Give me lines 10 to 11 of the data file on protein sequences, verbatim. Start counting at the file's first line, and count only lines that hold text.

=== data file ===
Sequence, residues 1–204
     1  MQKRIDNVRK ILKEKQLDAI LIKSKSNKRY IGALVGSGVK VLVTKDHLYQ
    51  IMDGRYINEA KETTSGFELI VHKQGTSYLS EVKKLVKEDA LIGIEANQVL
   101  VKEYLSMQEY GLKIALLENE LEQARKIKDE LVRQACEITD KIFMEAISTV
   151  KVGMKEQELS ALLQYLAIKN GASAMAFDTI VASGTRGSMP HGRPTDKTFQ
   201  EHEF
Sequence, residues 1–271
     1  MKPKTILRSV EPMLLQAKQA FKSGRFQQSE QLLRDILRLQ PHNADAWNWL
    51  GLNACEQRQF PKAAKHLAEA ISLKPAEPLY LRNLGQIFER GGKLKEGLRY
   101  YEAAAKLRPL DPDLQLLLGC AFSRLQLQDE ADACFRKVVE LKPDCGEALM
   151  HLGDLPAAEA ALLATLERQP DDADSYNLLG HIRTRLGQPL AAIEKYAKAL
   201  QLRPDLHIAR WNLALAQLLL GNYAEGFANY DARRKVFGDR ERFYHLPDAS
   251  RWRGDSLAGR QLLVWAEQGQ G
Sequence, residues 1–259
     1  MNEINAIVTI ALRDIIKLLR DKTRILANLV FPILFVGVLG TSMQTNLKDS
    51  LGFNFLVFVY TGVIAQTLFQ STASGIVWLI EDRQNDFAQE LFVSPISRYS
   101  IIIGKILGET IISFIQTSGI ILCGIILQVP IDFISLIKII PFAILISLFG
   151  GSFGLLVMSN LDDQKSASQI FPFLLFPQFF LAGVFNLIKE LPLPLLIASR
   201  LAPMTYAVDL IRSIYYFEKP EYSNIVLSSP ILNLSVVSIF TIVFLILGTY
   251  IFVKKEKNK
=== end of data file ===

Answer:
   101  YEAAAKLRPL DPDLQLLLGC AFSRLQLQDE ADACFRKVVE LKPDCGEALM
   151  HLGDLPAAEA ALLATLERQP DDADSYNLLG HIRTRLGQPL AAIEKYAKAL